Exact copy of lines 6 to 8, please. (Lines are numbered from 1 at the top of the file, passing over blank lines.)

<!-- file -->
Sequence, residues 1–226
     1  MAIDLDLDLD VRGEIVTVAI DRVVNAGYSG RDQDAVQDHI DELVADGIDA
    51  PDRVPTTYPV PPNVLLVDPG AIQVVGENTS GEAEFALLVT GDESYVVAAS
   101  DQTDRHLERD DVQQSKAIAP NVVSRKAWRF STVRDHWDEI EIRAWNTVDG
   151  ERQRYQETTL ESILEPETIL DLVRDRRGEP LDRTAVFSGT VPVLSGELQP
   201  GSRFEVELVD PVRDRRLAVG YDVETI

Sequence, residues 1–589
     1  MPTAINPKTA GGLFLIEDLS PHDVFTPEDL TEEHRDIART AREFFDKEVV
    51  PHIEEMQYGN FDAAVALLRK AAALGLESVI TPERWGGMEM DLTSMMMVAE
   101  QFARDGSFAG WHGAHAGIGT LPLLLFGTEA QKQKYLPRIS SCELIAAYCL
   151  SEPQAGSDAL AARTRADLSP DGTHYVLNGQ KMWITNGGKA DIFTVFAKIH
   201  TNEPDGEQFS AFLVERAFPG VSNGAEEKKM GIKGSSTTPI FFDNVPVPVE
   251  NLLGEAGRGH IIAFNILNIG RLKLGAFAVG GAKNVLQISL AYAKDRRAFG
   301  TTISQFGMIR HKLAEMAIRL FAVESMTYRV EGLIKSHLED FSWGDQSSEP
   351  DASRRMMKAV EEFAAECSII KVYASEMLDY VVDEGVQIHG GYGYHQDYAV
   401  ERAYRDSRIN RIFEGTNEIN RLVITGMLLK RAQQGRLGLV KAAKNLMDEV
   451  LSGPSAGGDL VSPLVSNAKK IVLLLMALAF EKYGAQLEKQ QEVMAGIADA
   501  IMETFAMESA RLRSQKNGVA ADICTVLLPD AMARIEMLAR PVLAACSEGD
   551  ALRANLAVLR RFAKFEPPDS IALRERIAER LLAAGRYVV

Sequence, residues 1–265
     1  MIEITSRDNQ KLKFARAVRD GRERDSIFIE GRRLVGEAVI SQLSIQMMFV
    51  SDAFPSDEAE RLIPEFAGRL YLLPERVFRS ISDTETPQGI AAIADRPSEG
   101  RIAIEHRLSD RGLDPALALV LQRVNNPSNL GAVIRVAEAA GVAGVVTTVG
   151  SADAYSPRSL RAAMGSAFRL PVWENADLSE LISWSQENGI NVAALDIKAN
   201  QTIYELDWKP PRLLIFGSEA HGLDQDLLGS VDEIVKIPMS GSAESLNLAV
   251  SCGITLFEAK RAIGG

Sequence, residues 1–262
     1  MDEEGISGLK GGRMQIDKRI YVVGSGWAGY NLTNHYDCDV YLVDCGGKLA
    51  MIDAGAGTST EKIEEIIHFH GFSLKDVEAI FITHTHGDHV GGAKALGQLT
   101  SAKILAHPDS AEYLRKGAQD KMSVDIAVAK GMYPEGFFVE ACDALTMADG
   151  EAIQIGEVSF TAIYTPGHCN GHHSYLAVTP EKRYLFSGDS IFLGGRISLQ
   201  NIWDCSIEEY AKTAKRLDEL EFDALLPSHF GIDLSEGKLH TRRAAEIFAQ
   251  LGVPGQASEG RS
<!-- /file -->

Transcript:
   201  GSRFEVELVD PVRDRRLAVG YDVETI

Sequence, residues 1–589
     1  MPTAINPKTA GGLFLIEDLS PHDVFTPEDL TEEHRDIART AREFFDKEVV